The early spring and accompanying early planting, together with last fall’s dry conditions in many areas, may present unique management challenges to growers planning nitrogen (N) applications. These conditions can mean nitrogen loss and impact corn yields.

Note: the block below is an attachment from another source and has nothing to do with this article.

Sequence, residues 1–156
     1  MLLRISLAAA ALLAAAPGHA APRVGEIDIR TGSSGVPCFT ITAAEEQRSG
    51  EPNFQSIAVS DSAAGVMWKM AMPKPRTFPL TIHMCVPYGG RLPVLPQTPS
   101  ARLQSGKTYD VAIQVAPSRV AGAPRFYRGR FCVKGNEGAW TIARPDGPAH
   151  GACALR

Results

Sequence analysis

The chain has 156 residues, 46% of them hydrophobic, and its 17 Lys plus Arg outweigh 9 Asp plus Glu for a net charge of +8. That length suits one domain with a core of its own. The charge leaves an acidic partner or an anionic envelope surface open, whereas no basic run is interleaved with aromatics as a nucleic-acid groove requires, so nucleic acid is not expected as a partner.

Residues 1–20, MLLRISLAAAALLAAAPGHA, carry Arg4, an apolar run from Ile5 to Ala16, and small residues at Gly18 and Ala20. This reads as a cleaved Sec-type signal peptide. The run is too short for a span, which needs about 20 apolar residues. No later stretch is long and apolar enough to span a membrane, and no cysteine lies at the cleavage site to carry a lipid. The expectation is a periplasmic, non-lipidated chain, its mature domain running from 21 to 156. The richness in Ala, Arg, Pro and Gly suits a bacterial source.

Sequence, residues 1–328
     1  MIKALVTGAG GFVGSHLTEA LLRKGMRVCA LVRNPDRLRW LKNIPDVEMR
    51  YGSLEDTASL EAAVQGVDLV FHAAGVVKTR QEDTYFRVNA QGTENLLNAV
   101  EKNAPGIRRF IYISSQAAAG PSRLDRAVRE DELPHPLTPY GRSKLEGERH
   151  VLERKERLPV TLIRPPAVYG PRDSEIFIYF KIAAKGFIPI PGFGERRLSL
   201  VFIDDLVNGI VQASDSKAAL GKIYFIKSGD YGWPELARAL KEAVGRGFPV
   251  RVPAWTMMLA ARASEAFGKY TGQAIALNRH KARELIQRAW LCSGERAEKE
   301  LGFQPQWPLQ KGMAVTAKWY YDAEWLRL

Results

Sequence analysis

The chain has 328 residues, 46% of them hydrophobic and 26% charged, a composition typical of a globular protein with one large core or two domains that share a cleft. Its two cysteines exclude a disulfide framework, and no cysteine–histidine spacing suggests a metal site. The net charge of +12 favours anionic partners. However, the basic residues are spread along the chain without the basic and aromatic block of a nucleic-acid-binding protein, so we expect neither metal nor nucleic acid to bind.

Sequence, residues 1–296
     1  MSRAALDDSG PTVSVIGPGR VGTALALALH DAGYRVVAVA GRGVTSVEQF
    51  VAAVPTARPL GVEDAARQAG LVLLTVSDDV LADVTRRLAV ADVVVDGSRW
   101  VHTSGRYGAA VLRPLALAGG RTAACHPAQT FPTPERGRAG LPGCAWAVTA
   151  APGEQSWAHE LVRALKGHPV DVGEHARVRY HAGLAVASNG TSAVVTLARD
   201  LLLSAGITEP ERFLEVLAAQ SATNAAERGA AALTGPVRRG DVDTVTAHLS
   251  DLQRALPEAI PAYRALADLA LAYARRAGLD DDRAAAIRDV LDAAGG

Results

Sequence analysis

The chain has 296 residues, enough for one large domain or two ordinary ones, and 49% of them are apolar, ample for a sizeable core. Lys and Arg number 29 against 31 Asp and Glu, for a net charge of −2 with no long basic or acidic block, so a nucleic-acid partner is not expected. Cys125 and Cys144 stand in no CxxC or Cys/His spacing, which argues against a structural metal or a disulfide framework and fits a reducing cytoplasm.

“For a successful corn crop, it’s important to factor in the uncertainties of weather and the dynamic nature of the nitrogen cycle,” said John Shanahan, Pioneer agronomy research manager. “After all, a sound corn nitrogen plan sets the stage for a high-yielding crop.” Last fall’s dry soil conditions led to anhydrous ammonia applications on many of the acres in the Corn Belt. In the spring, excessive rain can threaten these soil nitrogen reserves and hinder resupply by ground equipment. Excessively dry conditions in the spring also can prevent applied nitrogen from moving from the point of application to the root zone of plants. Temperature and moisture conditions also can impact the amount of nitrogen mineralized from the organic matter fraction of soils.… Continue readingRead More »